“It seems many of the websites showing digital art in general, not specifically mobile digital art, tend to be showing more of the airbrushed, smooth-skinned fantasy type of art,” says Sutton. “The mobile digital art that’s [emerging] seems to include more variety of approach and more use of thicker, bolder brush strokes. This may be because mobile devices lend themselves to quick, spontaneous drawing and looser marks.” 

Breaking down barriers

Sutton says he’s excited to see that artists are experimenting with the new medium, pushing it in new directions, and Murtaugh, who has curated many international digital art shows, sees a world of possibilities ahead. “I see so much different art now. There are many photorealists and there are some killer abstractionists; Patricio Villarroel Bórquez and Helene Goldberg are two of my favourites. This is still a tool in its infancy. Time will give us more styles and more ways to express ourselves, perhaps in ways we can’t even imagine.”

So, just like any other new art medium that’s emerged in the past, from egg tempura to screen printing, mobile digital is leading to the creation of new artistic styles. But the new technology could also be leading to a radical shift in the way we think about media. “Defining ‘mobile digital art’ is like trying to define a moving target,” says Sutton. “It’s moving in space and time, since everything’s heading mobile. The devices we can use for digital painting are converging towards mobility from both ends of the spectrum: mobile phone screens getting larger at one end and laptop computers getting more compact and mobile at the other end. Desktop computer operating systems are evolving into universal operating systems that are indistinguishable from mobile/cloud operating systems. It’s just a matter of time before the barriers separating mobile digital art from non-mobile digital art will break down and the word ‘mobile’ will become superfluous – and digital media will be considered ‘conventional’.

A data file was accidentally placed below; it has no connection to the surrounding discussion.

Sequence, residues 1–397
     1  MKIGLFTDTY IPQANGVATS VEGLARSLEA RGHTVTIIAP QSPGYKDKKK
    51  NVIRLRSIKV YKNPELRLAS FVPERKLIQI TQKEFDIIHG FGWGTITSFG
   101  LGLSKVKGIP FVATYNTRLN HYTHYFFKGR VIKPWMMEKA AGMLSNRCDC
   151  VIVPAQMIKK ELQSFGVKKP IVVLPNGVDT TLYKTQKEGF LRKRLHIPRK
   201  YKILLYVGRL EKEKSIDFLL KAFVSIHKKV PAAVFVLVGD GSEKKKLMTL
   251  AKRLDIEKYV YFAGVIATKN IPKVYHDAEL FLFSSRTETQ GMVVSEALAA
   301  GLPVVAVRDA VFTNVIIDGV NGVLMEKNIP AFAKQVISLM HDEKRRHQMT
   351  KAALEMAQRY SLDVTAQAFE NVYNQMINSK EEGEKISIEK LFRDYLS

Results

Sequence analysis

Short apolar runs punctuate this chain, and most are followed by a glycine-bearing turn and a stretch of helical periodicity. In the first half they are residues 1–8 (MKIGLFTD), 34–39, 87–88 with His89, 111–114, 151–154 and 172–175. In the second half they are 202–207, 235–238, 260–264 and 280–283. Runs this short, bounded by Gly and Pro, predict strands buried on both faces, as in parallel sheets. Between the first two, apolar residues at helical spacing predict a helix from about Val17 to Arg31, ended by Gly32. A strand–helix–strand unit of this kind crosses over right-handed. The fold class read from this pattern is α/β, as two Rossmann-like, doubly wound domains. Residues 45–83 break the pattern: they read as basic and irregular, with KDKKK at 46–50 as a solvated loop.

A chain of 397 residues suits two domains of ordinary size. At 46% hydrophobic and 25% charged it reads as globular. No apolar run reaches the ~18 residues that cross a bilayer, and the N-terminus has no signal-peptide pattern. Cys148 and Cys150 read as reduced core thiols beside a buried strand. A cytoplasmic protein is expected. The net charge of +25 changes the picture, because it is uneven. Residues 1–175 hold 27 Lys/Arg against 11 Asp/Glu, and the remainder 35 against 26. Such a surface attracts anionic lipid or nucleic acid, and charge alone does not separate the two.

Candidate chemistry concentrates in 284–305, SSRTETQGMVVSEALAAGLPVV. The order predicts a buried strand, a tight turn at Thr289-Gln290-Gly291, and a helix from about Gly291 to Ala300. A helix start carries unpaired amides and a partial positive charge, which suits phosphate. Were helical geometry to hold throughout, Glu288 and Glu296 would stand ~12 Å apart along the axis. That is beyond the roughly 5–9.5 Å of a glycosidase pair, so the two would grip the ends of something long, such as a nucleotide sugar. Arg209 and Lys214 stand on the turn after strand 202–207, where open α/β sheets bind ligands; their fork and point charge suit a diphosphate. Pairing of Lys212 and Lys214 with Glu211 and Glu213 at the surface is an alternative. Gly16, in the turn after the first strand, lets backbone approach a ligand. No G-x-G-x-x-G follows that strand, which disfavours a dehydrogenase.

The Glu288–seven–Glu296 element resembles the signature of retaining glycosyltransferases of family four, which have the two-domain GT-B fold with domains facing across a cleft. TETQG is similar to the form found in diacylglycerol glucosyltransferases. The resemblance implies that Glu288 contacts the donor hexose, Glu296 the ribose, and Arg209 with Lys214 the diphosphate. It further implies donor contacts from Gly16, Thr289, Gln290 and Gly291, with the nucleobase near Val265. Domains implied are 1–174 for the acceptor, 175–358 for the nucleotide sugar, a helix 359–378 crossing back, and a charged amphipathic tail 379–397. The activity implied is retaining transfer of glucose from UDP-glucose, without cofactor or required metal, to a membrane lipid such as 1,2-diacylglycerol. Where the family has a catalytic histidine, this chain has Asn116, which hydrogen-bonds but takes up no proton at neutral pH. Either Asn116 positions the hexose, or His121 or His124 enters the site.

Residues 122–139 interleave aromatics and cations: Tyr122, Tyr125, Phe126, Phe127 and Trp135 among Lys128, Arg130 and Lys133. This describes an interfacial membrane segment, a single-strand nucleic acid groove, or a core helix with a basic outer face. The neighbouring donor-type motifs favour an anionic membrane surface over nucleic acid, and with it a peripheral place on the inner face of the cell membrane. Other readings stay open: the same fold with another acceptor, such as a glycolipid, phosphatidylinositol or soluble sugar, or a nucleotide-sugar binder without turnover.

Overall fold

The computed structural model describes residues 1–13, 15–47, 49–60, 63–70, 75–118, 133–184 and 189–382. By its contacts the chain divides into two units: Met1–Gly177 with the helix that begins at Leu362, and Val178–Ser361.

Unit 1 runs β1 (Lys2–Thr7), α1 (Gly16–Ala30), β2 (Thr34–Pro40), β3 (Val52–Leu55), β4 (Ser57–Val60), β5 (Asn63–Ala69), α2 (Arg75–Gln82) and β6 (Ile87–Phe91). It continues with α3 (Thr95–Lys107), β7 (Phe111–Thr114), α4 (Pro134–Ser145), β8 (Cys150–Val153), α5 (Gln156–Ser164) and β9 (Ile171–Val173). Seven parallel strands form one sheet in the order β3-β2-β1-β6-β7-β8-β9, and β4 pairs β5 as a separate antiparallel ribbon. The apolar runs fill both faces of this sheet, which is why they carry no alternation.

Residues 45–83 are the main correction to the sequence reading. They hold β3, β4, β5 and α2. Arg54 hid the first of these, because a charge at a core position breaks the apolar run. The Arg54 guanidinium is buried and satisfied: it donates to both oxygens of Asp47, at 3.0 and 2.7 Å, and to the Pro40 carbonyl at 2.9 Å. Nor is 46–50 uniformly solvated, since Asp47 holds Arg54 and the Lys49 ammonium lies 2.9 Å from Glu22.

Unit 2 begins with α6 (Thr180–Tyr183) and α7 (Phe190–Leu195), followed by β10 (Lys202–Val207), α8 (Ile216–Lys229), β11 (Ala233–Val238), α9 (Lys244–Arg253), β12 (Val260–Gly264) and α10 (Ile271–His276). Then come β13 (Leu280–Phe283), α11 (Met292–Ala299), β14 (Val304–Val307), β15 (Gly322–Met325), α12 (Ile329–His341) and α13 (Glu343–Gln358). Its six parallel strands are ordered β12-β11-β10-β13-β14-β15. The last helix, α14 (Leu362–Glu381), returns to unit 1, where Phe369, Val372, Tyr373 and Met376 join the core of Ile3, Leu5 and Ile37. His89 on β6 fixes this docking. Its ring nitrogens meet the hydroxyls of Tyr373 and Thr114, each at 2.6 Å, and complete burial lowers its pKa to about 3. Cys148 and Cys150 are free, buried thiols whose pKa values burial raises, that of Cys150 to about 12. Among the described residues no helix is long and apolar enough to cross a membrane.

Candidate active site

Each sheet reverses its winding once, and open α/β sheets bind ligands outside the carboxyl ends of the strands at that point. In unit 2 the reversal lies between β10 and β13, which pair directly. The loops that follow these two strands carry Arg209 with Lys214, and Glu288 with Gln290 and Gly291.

I ask Murtaugh and Sutton if the new medium could also break down the barriers between artist and non-artist; if the mobility of the new tech and the ubiquity of its hardware coupled with the cheapness of its software will allow those of us who’ve not painted since childhood to return to the joy of art as we go about our daily lives.

“It’s funny, I had this conversation with other artists this year,” says Murtaugh. “I think we’re at the beginning of a new era that appreciates creativity in all forms. Anything we can do to encourage others to get back in touch with that inner child artist should be done. I like to empower those that don’t think they can, with the tools and the knowledge that all it takes is time.”